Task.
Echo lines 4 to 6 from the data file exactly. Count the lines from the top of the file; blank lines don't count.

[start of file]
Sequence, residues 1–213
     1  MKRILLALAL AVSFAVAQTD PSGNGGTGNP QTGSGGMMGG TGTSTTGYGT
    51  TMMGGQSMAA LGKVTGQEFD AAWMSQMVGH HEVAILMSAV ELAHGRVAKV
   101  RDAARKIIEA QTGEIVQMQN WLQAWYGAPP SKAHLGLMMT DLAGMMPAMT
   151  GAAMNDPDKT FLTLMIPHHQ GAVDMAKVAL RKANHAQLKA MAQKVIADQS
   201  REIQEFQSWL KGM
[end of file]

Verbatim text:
   101  RDAARKIIEA QTGEIVQMQN WLQAWYGAPP SKAHLGLMMT DLAGMMPAMT
   151  GAAMNDPDKT FLTLMIPHHQ GAVDMAKVAL RKANHAQLKA MAQKVIADQS
   201  REIQEFQSWL KGM